As human kind moves into the twenty-first century and our global population continues to grow at an astonishing rate, it will become increasingly important to be able to use mathematical models to observe nature’s populations.  Through careful use of predator-prey models, human kind can monitor animal populations to help insure a minimal negative impact on the environment.  There have been many predator-prey models created for different purposes over the years, such as the Lotka-Volterra model (below).  The main purpose is to predict and understand the trends that are related to the species involved.  Prediction can aid in resource management and planning for future generations. 
    To construct the type of predator-prey model that will be presented here,
 start with two variables: one for the prey and another for the predator. The
 predator and prey each must have an associated growth rate. Whenever an
 interaction occurs between the two, there are two scenarios that can take
 place: the predator can kill and consume the prey or the prey can escape. 
 For these two options there is a probability variable for each.  The model
 includes the rate at which the predators are likely to make offspring of the kill,
 and the rate at which the prey decrease due to the predators consuming

     The predator-prey models only work in settings where there are no other animals involved in this competition. In real life, it is common for there to be more than one type of predator for the prey and/or more than one type of prey for the predator. This model does not account for that. This is an interaction between only two species. Also, it must take place in a closed system; in other words, there must be no immigration or emigration. The only growth to the population are the newborns and a decay in population must result from death.  The following is an example of one of the most common types of predator-prey model equations (the Lotka-Volterra model) :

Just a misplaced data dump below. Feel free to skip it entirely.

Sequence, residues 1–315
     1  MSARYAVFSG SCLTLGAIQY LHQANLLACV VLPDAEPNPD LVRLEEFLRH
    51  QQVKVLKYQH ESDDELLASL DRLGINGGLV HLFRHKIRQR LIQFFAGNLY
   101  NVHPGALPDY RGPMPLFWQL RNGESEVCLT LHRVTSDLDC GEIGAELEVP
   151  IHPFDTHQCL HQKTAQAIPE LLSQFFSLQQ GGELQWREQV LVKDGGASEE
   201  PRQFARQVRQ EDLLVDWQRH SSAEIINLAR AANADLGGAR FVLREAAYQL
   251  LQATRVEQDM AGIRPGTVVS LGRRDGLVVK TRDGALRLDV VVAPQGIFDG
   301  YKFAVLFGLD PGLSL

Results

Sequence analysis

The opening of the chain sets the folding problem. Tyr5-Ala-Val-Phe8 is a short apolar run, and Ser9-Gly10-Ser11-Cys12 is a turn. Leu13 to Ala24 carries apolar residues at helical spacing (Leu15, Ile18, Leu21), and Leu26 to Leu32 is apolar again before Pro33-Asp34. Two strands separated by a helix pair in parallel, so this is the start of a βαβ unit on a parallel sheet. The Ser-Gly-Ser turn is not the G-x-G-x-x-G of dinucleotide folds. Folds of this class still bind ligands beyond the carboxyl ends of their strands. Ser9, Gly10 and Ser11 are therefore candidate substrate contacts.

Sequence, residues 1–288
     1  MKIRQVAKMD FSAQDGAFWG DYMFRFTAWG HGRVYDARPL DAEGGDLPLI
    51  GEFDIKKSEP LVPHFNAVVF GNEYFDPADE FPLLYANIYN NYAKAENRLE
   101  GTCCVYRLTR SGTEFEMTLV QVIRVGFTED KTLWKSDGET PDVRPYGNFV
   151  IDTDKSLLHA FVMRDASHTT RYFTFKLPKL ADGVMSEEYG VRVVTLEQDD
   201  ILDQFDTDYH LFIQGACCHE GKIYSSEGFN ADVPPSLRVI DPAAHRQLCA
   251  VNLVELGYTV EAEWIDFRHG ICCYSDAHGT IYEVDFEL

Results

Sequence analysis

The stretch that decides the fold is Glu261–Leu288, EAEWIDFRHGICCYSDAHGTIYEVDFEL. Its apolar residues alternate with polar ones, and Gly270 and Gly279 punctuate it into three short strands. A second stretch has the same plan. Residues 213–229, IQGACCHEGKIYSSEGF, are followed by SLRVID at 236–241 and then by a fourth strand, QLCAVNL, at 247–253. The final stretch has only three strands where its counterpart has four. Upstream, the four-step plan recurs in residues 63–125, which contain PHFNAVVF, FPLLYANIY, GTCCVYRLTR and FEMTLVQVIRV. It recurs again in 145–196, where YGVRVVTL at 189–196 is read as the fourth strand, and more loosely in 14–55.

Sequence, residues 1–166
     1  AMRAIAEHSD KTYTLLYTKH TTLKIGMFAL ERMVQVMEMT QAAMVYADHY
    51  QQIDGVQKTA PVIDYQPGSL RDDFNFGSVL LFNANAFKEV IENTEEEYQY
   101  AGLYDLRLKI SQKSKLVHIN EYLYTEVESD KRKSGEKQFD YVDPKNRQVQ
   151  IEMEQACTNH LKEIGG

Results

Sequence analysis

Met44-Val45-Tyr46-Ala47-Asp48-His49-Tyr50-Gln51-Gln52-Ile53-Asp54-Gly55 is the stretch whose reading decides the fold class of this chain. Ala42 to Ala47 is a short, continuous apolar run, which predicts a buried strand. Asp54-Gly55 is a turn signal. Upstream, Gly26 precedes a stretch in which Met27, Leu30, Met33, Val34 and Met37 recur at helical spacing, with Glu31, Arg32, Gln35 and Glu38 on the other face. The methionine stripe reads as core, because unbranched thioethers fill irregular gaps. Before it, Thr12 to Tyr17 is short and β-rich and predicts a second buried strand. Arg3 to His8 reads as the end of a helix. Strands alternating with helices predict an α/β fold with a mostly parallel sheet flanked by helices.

Pn =  (1 + a) (Pn-1) – b (Pn-1) (Qn-1)    

Qn =  (1 – d) (Qn-1) + c (Pn-1) (Qn-1)    

    Q = predator population.
    P = prey population.
    a = the natural rate of growth of the prey population if there are
          no predator.
    b = the rate of decrease of prey due to encounter with predators.
    c = the rate of predator increase due to interactions with the prey.
    d = the natural rate of decay of the predator population if there
          are no prey.
    n = the current generation.
      In the model, if the prey is kept in isolation, they will reproduce and increase at an exponential rate.  The exponential growth model describes this situation, Pn = (1 + a) (Pn-1), where Pn is the prey population for the nth  generation.  Factoring the equation produces Pn = Pn-1 + (a * Pn-1); where the previous population is Pn-1 and the rate that they grow times the population count is the number of newborn.  Under exponential growth, the prey will grow without bound. 
      On the contrary, without the presence of prey the predators  will lack the food necessary to survive and become extinct. The exponential decay model, Qn = (1 - d) (Qn-1), describes the predators population.  It is exactly the same as the prey population except the rate is negative. The predators cannot grow without the prey because they lose their only source of food. 
     When interaction occurs, the predator population benefit and the prey population are jeopardized. In the Lotka-Volterra model, the term (Pn-1) (Qn-1) reflects the possible predator-prey interaction during the previous generation. Of all the possibilities mentioned, only one can happen at each time. It is also likely that more than one prey may be necessary for the predator. These probabilities combined lead us to our final equations presented above.  The graphs on the following pages display different views of the Lotka-Volterra models.

Intro    Pred-Prey Graphs    Phase Plots    Equilibrium Points    Conclusion&Error

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